Parliamentary elections held yesterday gave the opposition coalition a resounding landslide victory, with the first bulletin allocating 99 out of 167 seats to the Democratic Unity Roundtable (MUD) and the governing United Socialist Party of Venezuela (PSUV) garnering 46 seats, with the remaining 22 seats still to be adjudicated.
Although the government repeatedly boasted that the Venezuelan electoral commission (CNE) has the world’s “most advanced electoral system” the first and only bulletin was not issued until well after midnight, 6 hours after polls officially closed. As of this writing, no final official results have been released.
Venezuela has been reeling under the world’s highest inflation rate, a currency devaluation of more than 60 % in one year, chronic food and medicine shortages, and rampant violent crime since President Nicolas Maduro’s election in March 2013 following the death of Hugo Chavez, who was first elected in 1998 and over the course of 14 years proceeded to install what he called a “Bolivarian revolution” with its foundation being “21st Century Socialism.”
Chavez was the beneficiary of record high oil prices, which is Venezuela’s main export and source of revenue. Flush with cash, he embarked on a massive social spending program both at home and abroad, establishing alliances with Cuba and Iran in order to counter what he called American hegemony.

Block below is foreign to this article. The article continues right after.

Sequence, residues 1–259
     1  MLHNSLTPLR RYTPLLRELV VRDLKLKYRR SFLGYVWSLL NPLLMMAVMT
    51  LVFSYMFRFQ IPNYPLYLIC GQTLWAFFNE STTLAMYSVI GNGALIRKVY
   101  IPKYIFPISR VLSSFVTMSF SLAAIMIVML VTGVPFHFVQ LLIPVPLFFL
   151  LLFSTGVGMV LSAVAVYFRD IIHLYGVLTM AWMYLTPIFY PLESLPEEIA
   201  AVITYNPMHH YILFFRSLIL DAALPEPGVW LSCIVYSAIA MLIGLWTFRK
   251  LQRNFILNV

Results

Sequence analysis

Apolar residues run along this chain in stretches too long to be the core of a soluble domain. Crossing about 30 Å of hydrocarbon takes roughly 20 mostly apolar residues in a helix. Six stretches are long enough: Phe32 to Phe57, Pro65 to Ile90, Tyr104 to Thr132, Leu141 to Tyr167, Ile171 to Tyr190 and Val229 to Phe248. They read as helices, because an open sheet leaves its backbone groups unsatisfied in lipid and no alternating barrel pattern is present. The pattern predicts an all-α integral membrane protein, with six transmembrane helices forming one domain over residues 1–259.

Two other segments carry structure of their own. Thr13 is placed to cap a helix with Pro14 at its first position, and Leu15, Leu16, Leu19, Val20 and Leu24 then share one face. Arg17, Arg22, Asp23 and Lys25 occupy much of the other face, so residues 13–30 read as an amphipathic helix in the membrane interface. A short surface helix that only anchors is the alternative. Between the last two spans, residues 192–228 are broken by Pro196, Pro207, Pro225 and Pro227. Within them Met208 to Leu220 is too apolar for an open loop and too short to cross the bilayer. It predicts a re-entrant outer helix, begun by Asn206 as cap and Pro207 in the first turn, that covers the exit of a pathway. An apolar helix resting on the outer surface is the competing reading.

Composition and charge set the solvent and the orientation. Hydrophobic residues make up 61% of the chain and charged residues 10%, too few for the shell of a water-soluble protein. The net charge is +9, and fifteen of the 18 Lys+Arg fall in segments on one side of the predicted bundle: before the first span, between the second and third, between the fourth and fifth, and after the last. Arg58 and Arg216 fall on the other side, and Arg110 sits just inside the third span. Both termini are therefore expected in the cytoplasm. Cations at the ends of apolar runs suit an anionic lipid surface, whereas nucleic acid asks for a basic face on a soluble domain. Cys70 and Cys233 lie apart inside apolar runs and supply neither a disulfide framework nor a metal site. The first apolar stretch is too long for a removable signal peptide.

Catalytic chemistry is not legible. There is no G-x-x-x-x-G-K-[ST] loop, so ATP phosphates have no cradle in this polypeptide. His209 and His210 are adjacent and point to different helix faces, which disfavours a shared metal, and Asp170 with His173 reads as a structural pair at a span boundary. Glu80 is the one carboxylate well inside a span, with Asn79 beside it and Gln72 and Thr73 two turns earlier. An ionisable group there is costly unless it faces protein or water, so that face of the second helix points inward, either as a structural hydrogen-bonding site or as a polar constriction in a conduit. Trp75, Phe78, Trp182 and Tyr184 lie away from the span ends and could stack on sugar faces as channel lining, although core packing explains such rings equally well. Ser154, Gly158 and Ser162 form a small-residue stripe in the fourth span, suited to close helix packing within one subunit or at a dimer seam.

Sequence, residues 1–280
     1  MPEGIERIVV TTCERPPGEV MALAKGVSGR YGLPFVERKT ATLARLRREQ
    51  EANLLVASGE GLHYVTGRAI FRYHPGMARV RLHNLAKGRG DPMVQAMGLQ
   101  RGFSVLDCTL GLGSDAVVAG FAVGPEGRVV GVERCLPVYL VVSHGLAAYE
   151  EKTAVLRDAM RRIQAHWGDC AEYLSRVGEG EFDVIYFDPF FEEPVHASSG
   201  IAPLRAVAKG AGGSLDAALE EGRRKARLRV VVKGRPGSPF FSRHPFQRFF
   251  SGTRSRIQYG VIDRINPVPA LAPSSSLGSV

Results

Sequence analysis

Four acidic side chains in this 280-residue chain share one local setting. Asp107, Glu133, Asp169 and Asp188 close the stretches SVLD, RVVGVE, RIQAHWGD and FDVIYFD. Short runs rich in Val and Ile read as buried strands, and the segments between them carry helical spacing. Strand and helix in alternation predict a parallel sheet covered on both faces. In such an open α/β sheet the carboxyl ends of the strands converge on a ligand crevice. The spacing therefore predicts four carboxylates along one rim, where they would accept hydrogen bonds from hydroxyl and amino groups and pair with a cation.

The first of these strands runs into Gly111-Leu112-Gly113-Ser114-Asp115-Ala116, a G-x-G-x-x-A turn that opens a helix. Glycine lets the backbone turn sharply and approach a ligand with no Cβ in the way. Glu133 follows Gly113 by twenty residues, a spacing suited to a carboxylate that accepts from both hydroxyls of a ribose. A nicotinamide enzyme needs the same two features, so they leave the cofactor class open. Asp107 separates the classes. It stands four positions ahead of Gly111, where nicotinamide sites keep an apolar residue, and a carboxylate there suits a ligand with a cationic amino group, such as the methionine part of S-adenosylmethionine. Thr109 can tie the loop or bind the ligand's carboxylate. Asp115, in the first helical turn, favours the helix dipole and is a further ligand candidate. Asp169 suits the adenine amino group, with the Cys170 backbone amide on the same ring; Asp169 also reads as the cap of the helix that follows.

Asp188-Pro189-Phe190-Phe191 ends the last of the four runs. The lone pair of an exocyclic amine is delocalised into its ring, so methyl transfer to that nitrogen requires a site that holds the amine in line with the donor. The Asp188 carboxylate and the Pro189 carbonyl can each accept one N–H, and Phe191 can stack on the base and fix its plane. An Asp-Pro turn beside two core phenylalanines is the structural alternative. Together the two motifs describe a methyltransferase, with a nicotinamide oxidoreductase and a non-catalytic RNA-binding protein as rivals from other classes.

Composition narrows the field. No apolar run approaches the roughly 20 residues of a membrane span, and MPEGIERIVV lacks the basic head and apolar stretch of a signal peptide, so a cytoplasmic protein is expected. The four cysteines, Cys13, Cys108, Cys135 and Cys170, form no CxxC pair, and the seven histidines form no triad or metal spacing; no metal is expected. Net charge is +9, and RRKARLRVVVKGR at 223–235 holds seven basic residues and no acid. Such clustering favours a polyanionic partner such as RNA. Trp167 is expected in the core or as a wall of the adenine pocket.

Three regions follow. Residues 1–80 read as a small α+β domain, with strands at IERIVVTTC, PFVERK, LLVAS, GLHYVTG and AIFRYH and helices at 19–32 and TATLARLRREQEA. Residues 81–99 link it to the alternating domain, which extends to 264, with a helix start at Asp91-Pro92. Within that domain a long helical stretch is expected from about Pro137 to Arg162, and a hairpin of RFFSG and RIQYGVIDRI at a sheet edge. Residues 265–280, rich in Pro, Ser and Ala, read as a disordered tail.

Founding organizations such as the Bolivarian Alliance of the Americas (ALBA), the Union of South American Nations (UNASUR), the government propaganda satellite channel Telesur, as well as sponsoring economic partnerships like the Caribbean Petroleum consortium (PETROCARIBE), the Chavez administration curried favor and goodwill throughout Latin America, as other left-leaning governments were elected in Argentina, Brazil, Ecuador, and Bolivia.
These institutions were meant to supplant the International Government Organizations regime which has been in place since the end of WWII and led by the United Nations and the Organization of American States. In fact, Chavez had a very contentious relationship with both bodies, routinely denouncing the UN as a “stooge of imperialism” and the OAS as a “shameful” organization every time his authoritarian and undemocratic actions were criticized.
Throughout his mandate, Chavez sought partnerships with any government who espoused anti-Americanism, the most prominent being the Islamic Republic of Iran. He directed the state-owned airline Conviasa to establish direct flights to Damascus and Tehran, destinations that hold little to no appeal for Venezuelans. While the flights were active from 2004 to 2010, credible allegations of both drug-running and terrorist transport were reported.
After Chavez’s death in March 2013, Nicolas Maduro was elected with a razor-thin margin. Diosdado Cabello, a former Chavez confidant from their Army days, was appointed president of the National Assembly, where he has amassed considerable power and wealth. He is widely referred to as the true ruler behind the scenes with a firm grip on the military establishment, while Maduro is perceived as a Cuban puppet and in control of the civilian wing of the PSUV.
Cabello is the target of a DEA investigation; multiple reports state that he is the head of the “Cartel of the Suns” which controls the drug traffic coming out of Venezuela. As recently as three weeks ago, two nephews of Cilia Flores, Venezuela’s first lady, were arrested in Haiti on charges of conspiracy to transport 800 kilos of cocaine to the USA.
The MUD now has its work cut out for them. The first order of business is to determine exactly how many deputies will take their seats in the new session on January 5th. A super majority of 110 is needed to enact meaningful reforms, especially as the Venezuelan economy has been in a death spiral due to gross mismanagement combined with the decline in oil prices.